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I loved the food in Spain, but being at home I am having a difficult time going back to no starches. While in Spain the starches were balanced by all the walking so there was no discernible damage. Unfortunately, at home it doesn’t quite work that way…Miró and tapas are not really connected, but if you are in Spain it is hard not to experience both repeatedly.


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A confection…2…

Stepping out onto the balcony of the Palau de la Musica Catalana with its double rows of pillars covered in mosaic was like stepping into fantasy-land. I think that if Salvador Dali and Walt Disney collaborated on a surrealist sci-fi movie with a setting in a birthday cake this would be where they filmed it, n’est-ce pas?

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The details, it is all in the details…(if you double click on these pictures they will get bigger so you can see the details!)

As coincidence would have it, if you live near San Francisco, the Walt Disney Family Museum has an exhibit until January called Disney and Dali. They did collaborate! They made a short movie together and had plans for other projects.

 

 


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Riding the rails, part two…

If you know me at all, you know that I have a soft spot in my heart for printmaking. After seeing the room with California faience tiles at the Crocker Museum of art, we walked to the gallery room next door and there was another wonderland! Multicolored block prints by an Arts and Crafts master.

William S. Rice came to California in the early 1900″s, originally to Stockton and then to Alameda and Oakland. He was a public school art teacher and art administrator for their school systems. He wrote two books, including Block Prints: How to Make Them and traveled through California making art before population influx had changed it. If you ever look at old Sunset Magazines, you might see his work on its covers.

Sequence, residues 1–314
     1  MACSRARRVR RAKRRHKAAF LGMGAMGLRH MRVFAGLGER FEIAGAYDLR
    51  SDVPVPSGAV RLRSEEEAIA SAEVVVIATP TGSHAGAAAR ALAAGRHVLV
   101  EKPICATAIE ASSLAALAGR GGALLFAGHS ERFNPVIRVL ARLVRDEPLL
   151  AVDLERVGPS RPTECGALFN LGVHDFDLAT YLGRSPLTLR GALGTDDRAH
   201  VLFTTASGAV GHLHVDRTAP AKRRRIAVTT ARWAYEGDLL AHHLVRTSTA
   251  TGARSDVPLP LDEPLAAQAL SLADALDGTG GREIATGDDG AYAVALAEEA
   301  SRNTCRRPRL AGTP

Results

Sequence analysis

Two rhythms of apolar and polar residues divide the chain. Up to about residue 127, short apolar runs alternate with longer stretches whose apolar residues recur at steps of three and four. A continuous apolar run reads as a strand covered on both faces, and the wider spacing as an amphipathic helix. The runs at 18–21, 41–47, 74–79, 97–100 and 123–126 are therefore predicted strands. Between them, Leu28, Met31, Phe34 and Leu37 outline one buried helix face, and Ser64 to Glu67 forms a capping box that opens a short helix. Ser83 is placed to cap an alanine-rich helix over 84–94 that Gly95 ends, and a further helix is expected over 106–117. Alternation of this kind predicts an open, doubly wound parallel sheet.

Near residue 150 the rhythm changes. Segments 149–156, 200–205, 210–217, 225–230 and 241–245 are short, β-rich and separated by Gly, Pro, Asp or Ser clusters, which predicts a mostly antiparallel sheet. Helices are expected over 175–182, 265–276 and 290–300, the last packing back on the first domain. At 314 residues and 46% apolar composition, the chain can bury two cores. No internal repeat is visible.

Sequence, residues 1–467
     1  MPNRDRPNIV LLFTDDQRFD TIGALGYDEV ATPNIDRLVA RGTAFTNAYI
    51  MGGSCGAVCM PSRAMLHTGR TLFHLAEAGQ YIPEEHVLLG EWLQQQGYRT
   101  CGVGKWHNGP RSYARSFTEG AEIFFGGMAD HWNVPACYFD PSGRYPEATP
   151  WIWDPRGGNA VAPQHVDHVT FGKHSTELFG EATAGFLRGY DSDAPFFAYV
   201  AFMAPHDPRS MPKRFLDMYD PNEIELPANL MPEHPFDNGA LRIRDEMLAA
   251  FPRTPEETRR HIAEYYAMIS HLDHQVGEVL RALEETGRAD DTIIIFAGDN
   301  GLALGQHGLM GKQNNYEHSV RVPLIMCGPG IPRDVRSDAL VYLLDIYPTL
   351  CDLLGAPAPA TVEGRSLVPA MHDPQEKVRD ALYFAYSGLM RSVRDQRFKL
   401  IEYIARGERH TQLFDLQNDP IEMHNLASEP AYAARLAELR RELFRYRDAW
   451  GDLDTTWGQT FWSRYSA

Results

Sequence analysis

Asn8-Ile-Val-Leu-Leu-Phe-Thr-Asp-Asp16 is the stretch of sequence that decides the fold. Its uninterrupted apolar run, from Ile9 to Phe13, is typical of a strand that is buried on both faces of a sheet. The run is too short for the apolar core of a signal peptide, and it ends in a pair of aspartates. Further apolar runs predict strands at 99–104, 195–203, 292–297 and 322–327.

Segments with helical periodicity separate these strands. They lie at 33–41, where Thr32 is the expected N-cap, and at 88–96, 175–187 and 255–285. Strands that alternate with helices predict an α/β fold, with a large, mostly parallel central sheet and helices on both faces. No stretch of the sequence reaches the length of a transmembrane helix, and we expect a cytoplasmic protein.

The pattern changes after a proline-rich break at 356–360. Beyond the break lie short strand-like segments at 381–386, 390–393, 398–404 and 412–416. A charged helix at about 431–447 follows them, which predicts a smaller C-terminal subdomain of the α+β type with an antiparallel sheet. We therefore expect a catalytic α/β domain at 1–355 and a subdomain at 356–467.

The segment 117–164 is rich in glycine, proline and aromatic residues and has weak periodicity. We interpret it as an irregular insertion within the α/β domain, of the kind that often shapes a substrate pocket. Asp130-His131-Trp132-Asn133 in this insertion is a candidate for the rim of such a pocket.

From the Crocker Museum website:

Rice was a prolific painter of the California landscape but is today better known as a printmaker, one who authored two books on the process and executed every print himself. He applied the classic Japanese art of ukiyo-e (woodblock printing, or “pictures of the floating world”) to images of the West, where he moved in 1900. This exhibition brings to light many of the artist’s accomplishments, including several never-before-exhibited pieces capturing the California landscape before development.

The exhibit had many of his water colors but I was entranced by his block prints.

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In particular I enjoyed the demonstration of the multi-block nature of his printmaking work.

Lonerock-Santa Cruz

Lone Rock-Santa Cruz, c. 1935

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Progressive layers of the block printing process for Lone Rock-Santa Cruz

This demonstration of how he went from pencil sketch, to etching, to block print was masterful!

Leona Live Oaks pencil live study etching block print

Leona Live Oaks
pencil live study
etching
block print

The block prints themselves swept me away. (My apologies for the reflections on the surfaces, very hard to get away from that when there is excellent museum lighting on glass framed works.)

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The Lumberdock-San Francisco Bay c. 1917

The Lumberdock-San Francisco Bay
c. 1917

Pt. Lobos Cypress c.1925

Pt. Lobos Cypress
c.1925

Moonlight-Eucalypti c. 1920

Moonlight-Eucalypti
c. 1920

Carmel Pines c. 1920

Carmel Pines
c. 1920

Hollyhock Garden c.1925

Hollyhock Garden
c.1925

Blue Gums-Berkeley c. 1917

Blue Gums-Berkeley
c. 1917

Clear Lake c.

Clear Lake
c. 1920

Nuthatches and Iris c.1930

Nuthatches and Iris
c.1930

Source of the Glacier c. 1920

Source of the Glacier
c. 1920

Sierra Sunrise c. 1925

Sierra Sunrise
c. 1925

Mot-Mot Bird n.d.

Mot-Mot Bird
n.d.

Sleepyhead c.1930

Sleepyhead
c.1930

Parrot and Butterfly c. 1925

Parrot and Butterfly
c. 1925

Magnolia Grandiflora c. 1930